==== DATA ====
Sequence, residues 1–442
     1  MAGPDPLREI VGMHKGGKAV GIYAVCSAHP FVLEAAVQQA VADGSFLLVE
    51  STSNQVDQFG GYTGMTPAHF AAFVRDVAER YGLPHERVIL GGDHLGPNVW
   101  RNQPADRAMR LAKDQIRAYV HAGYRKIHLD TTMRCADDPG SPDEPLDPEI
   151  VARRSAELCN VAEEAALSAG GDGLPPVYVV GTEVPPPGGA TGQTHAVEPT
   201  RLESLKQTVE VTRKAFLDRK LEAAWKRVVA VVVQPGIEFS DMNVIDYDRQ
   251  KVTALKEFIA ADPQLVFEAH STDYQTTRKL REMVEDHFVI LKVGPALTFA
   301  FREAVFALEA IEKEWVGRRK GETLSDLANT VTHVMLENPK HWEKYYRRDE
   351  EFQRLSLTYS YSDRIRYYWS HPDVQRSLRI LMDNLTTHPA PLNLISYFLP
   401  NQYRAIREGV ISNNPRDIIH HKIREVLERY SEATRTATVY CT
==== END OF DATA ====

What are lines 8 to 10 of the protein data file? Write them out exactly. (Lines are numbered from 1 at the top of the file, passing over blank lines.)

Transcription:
   301  FREAVFALEA IEKEWVGRRK GETLSDLANT VTHVMLENPK HWEKYYRRDE
   351  EFQRLSLTYS YSDRIRYYWS HPDVQRSLRI LMDNLTTHPA PLNLISYFLP
   401  NQYRAIREGV ISNNPRDIIH HKIREVLERY SEATRTATVY CT